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Marketing Showrunners

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By: Jay Acunzo on August 3rd, 2020

Marketers Who Lead Act More Like Product Managers (or Doctors?)

I came out of the software industry, working at companies like Google and HubSpot, then in technology VC at a firm called NextView. Although I worked in marketing the entire time, the people I always admired most were product managers. They seemed to have an impossibly difficult job. How do you invent stuff? How do you decide what goes into the product and what does not, and how people should navigate it all? And most of all, I really wanted to know, how the heck do you make sense of alllll the stuff that you hear and see from customers? It turns out the very best PMs had a very specific way of doing this — one I didn’t quite expect, and one that can fundamentally transform your content marketing for the better. But before we get there, let’s just start with that damned quote by Henry Ford.

Plenty of pixels and ink have been used up on missing the point entirely of Ford’s most famous quote. Maybe you’ve heard the pithy idea. It’s often cited like this:

If I listened to customers, they’d have asked for faster horses.

The idea here is that if you ask somebody else what they want as a solution to their problems, they’ll just tell you to improve the existing solutions they already know. That’s because they don’t know what else possible (or, if they do propose a new idea, it’s outlandish and unlikely to actually make things better). People are more likely to cling to the existing solutions they know about when really that approach is outdated or problematic. Therefore, the thinking goes, if Ford listened to the customer, they’d have asked for faster horses. After all, they knew about horses, but not cars. They knew what might be better for horses, but not what might be better for transportation. After all, they weren’t experts in transportation technology or manufacturing those technologies.

Just one more point about this quote before we bring it back to our work more fully. The problem with Ford’s quote about is that it’s actually a common misrepresentation of Ford’s words. He didn’t say, “If I listened to the customer…” He said, “If I asked what people wanted…” This is a crucial distinction. Should we listen to the customers? Absolutely. Should we base our work on what they say they want? Absolutely not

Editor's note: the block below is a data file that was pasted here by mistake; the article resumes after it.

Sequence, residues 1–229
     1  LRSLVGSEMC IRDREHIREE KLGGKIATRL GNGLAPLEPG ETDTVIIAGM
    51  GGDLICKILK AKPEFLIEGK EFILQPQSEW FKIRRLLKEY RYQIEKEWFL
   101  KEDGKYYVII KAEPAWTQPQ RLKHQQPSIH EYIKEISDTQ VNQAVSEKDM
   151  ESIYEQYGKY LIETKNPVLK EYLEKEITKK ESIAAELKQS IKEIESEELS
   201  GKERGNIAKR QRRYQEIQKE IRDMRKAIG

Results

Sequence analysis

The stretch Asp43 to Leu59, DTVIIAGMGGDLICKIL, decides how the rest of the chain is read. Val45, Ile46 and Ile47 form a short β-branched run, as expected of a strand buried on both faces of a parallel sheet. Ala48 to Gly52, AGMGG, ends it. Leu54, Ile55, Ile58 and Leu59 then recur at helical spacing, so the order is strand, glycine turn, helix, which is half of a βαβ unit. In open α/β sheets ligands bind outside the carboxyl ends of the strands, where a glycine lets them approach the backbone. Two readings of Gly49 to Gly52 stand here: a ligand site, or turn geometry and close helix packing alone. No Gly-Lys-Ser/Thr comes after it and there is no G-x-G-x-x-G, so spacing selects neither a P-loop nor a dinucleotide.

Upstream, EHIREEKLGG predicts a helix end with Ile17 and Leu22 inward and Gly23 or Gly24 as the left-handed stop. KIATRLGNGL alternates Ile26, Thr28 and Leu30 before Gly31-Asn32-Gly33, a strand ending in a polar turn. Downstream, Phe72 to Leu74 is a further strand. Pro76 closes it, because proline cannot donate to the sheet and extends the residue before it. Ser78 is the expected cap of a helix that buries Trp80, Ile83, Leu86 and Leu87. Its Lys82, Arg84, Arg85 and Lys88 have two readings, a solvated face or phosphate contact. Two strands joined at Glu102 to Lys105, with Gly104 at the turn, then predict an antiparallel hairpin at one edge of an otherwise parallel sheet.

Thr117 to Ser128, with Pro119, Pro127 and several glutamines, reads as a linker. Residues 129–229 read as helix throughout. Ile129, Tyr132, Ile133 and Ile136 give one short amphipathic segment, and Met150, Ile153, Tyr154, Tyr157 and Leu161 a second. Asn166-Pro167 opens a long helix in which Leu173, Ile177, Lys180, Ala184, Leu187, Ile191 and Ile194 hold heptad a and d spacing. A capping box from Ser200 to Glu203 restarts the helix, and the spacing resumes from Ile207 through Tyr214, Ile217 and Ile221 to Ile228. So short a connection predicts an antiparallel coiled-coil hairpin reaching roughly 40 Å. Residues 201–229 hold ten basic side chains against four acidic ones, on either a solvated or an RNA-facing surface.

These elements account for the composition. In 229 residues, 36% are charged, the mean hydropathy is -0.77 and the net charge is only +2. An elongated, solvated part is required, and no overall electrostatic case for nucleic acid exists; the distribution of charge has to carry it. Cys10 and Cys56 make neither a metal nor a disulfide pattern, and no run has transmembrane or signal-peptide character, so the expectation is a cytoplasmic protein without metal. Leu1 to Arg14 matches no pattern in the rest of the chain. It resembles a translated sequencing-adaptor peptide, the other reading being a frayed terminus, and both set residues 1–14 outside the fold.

Gathering and understanding insights from the customer is of course crucial. But insights are different than feedback. Insights are lessons you learn through observation and discussion — not ideas others hand you. Likewise, responses are also different than feedback. Responses are triggered. Feedback is solicited. If you’re soliciting anything from customers or your content’s audience, it shouldn’t be ideas for making things better. It should be their own reporting and reflection on what the experience of something was actually like for them. Don’t use your customer base as the sources of deep thoughts and ideas — that’s your domain to own. Instead, use them as reporters on and guinea pigs within the systems you’ve built. (Okay “use them” is a bit harsh and dehumanizing, but you get the idea: People can accurately report on what they went through a lot more easily than they can opine about what YOU should build.)

So, gathering insights is crucial. Actually talking to your audience is paramount. Understanding the people you wish to serve is a third word that also means very freaking important. However, under no circumstances should you — the creator who’s seen things and knows things and tries things and MAKES things — simply react to what others say they want you to make. That is an ineffective and actually counterproductive approach to your goal of making things better for your audience. That’s why this distinction in the Henry Ford quote is so important. He didn’t say, “If I listened to the customer…” He said, “If I asked what people wanted…”

As makers and marketers, we’re all in the business of creating art. Not a painting, mind you (though kudos if that’s your product or hobby). By “art” I mean something broader and more applicable to the business world. Art is the conscious use of imagination to produce the created work. (Note that “imagination” thing. Turns out that’s key.)